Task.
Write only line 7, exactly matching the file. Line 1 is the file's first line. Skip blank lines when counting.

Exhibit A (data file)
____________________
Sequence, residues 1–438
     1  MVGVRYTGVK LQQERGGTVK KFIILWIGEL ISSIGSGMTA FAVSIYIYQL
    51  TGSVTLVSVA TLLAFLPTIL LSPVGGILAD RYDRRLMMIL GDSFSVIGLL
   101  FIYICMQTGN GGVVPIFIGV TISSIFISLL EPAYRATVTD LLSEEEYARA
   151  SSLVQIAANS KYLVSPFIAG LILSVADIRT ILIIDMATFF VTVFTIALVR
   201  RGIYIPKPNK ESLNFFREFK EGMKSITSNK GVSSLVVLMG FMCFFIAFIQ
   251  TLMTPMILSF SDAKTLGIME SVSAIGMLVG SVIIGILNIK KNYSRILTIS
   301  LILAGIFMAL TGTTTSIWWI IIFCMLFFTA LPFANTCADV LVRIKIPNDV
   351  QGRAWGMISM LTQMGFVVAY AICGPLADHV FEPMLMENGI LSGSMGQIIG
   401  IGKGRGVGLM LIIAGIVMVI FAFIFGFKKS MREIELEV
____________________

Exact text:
   251  TLMTPMILSF SDAKTLGIME SVSAIGMLVG SVIIGILNIK KNYSRILTIS